manufacturers oftesting tools rake in billions as many consumers pay through the nose to find out if they are infected.
Over-the-counter rapid tests have been expensive since they first became available in the United States, with major retailers like Kroger and Walmart recentlyeven as manufacturers increase production to meet increased demand induced by the Omicron variant.
This is in part because of the expiration last month of a White House deal with some retailers to sell test kits at cost for 100 days, which prompted distributors to raise the prices of the drug. Abbott’s BInaxNow test at around $ 12 per test. The Quidel QuickVue Quick Test and others are sold for about the same price.
Medically-minded entrepreneurs also make high-tech kits that allow consumers to administer more sensitive molecular tests at home. These products, which work by detecting the genetic material of the virus, cost even more. Detect, for example, which does a quality PCR test for home use, sells a test and a processing concentrator for $ 75. Additional tests cost $ 49.
Exceptional benefits for test manufacturers
Unsurprisingly, manufacturers of COVID-19 tests are seeing their profits skyrocket along with consumer demand.
Abbott Laboratories, maker of the BinaxNow test, one of the most popular home screening devices, reported $ 1.9 billion in third-quarter sales related to COVID-19 tests, up 48% from the time of last year. The BinaxNow test alone was responsible for $ 1.6 billion in sales.
Quidel, which makes the QuickVue test, sold at major drugstore chains and other retailers in the United States, reported $ 406 million in revenue from its COVID-19 tests in the third quarter of 2021. Riding on the same wave, the maker of COVID-19 molecular tests Cue Public Health in September for a valuation of nearly $ 2.3 billion.
Laboratories that process PCR tests, the primary diagnostic tool for detecting COVID-19, also benefit. Labcorps and Quest Diagnostics both saw their profits increase as the two testing companies were inundated with samples to process.
Drugstore chains like CVS and Walgreens are also benefiting greatly. Both retailers have raised their annual profit forecasts following strong sales of over-the-counter COVID-19 tests.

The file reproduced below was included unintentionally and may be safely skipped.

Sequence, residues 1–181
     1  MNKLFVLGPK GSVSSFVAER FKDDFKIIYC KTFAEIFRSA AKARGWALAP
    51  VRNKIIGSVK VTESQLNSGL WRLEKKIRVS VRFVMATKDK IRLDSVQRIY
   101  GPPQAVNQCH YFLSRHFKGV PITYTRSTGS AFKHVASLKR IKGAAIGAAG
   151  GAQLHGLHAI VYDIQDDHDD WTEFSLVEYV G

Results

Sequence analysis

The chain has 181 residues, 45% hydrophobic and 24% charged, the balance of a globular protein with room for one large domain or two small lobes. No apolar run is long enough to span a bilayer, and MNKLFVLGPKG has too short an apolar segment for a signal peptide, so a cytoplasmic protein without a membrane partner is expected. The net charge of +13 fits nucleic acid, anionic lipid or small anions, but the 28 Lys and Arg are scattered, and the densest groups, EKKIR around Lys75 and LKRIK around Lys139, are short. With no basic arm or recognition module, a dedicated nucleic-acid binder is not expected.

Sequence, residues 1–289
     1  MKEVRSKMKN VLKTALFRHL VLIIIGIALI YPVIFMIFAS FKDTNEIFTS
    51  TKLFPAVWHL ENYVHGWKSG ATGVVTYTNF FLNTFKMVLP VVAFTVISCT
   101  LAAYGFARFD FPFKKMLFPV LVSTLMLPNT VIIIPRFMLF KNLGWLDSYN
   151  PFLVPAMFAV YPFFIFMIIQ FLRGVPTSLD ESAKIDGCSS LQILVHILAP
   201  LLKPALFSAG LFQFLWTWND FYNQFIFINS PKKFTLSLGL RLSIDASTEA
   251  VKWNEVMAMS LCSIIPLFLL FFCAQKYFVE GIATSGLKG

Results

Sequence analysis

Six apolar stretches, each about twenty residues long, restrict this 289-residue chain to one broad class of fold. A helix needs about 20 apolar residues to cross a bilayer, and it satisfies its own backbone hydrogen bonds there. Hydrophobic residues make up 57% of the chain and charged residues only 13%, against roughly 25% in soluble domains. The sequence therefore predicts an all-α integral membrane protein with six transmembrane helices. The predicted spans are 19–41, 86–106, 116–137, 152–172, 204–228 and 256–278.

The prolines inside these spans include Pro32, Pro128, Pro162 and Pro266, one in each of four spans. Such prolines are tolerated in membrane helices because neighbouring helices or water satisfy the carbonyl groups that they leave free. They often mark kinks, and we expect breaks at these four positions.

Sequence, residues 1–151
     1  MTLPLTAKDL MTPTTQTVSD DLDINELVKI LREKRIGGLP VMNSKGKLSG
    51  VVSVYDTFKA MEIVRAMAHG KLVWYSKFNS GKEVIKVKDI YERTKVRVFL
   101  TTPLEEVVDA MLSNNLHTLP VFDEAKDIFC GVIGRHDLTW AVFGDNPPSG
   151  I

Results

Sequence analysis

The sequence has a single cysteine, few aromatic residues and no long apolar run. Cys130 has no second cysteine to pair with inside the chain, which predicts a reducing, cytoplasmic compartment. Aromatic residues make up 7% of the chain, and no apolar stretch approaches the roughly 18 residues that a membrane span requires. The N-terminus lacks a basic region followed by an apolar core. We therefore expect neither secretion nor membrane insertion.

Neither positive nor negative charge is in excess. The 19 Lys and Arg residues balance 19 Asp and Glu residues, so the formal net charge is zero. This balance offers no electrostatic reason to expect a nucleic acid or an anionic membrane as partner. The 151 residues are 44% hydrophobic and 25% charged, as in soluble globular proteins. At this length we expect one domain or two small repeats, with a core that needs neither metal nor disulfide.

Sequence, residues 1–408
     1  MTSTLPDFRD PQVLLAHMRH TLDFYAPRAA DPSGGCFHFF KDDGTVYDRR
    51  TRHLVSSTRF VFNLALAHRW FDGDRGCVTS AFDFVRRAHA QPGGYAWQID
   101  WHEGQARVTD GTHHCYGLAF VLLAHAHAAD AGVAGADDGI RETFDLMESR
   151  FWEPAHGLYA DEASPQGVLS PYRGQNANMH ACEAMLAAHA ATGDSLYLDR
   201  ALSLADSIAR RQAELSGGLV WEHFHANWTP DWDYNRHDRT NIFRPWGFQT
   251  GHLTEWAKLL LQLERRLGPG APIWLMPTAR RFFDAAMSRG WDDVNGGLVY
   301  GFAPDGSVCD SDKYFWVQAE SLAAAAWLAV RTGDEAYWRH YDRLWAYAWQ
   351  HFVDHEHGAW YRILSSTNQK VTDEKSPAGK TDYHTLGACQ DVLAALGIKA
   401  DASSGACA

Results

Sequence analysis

Fight for kits and services
Rapid tests remain rare in many parts of the United States. They are also not accepted as proof of a negative test result by many entities, including for travel abroad.
Meanwhile, some consumers have to shell out hundreds of dollars, given the lag in turnaround times. In New York City, for example, a number of clinics – including CareCube, Clear19, MedRite and others – offer same-day PCR testing for people who need quick results, such as for international travel.
For $ 225, CareCube, with 20 testing sites across the Big Apple, guarantees test results within eight to 10 hours. Sameday Health, also based in New York City, guarantees a one-hour PCR test result for $ 250. For a fee of $ 400, My Doctor Medical Group, a private practice in San Francisco, says it will provide a PCR test result by 9 a.m. the day after the test is administered.
Carri Chan, a health care professor at Columbia Business School, likened the services to a “priority queue at the airport where Gold or Platinum members can cut the line.”
“Bad guys” or just business?
A White House initiative demanding thatfor the cost of rapid at-home COVID-19 testing will come into effect soon. Demand for COVID-19 test kits expected to increase in the near term as the highly infectious variant of Omicron spreads and carries the virus
And when demand for a given good or service exceeds supply, consumer prices rise.
“It’s hard to know exactly what the cost is to manufacturers – estimates put it at a few dollars – and we’re seeing tests selling for between $ 14 and $ 35 at crazy margins beyond that as well,” Chan said. “This is due to the mismatch between supply and demand. Demand is skyrocketing right now, it is very difficult to find tests and when they are available they are immediately fetched.”
Some critics have questioned the ethics of test makers making such large profits amid an unprecedented public health crisis. But Chan noted that pharmaceutical and other medical companies have invested heavily in developing and manufacturing tools designed to keep the public safe, with no guarantees or guarantees that they will be purchased.
“I think it’s easy to pass the manufacturers off as the bad guys, but they also had to take a lot of risks themselves. They didn’t know in advance what the demand would be – and, in fact, six months. A few years ago, it looked like there would be no demand for these products. It was not part of the US COVID strategy, “she said.” They said. therefore had to take a risk to increase production. If there was no demand, they would have to eat whatever cost themselves. “